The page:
Optimization Of Surge Arrester's Placement For 132kV Substation(Transmission Side)

Thumbnail Image
Amirah Binti Husaini
Journal Title
Journal ISSN
Volume Title
Research Projects
Organizational Units
Journal Issue
Lightning surges can be produced on overhead transmission lines either through shielding failures or through back-flashovers. Shielding failure occurs when lightning strikes directly at a phase conductor bypassing the overhead shielding wires. Since higher magnitude of lightning currents are more likely to terminate on the grounded shield wires, shielding failures are typically from low magnitude lightning currents. Back-flashovers, on the other hand, occur when lightning strikes the shielding shield wires or the tower structure and the resulting voltage developing on the tower from its impedance causes a flashover across the line insulation. Surges from back-flashovers are significantly higher in magnitude than those from shielding failures and have very steep fronts, therefore it is more dangerous to the substation equipment. For this reason, in this project, only surges from back-flashovers are considered. Often, lightning related flashover risks from shielding failures and back-flashovers are indicated by Shielding Failure Flashover Rate (SFFOR) and Back-Flashover Rate (BFR), respectively. This project requires research and evaluation of the ideal location of the surge arrester and the number of surge arrester that is needed to be install inside the 132kV substation in order to overcome the lightning overvoltage and optimize the substation performance. In addition, identify the magnitude of overvoltage that may be imposed on the substation equipment’s from lightning surges and assess the adequacy of the insulation withstand capability of the installed equipment to the lightning overvoltage.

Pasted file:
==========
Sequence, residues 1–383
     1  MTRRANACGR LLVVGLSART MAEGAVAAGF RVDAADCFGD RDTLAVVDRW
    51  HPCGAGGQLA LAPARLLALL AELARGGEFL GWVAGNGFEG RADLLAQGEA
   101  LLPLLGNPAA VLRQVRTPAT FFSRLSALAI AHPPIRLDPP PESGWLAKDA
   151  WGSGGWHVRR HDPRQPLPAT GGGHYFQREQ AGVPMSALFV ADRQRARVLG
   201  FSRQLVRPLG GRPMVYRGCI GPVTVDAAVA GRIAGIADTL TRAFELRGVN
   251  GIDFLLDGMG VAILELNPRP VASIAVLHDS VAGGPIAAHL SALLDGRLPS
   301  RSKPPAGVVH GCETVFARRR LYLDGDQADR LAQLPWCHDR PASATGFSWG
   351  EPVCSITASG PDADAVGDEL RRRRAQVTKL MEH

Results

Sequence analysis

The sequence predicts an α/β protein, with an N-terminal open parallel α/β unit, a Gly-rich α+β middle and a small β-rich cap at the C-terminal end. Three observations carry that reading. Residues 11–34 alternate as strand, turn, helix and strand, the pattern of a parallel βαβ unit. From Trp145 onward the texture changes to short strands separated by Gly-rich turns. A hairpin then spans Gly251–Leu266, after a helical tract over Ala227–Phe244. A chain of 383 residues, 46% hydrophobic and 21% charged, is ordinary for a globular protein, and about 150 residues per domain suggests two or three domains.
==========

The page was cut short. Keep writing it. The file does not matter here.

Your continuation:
FYP 2 SEM 2 2019/2020
Surge Arrester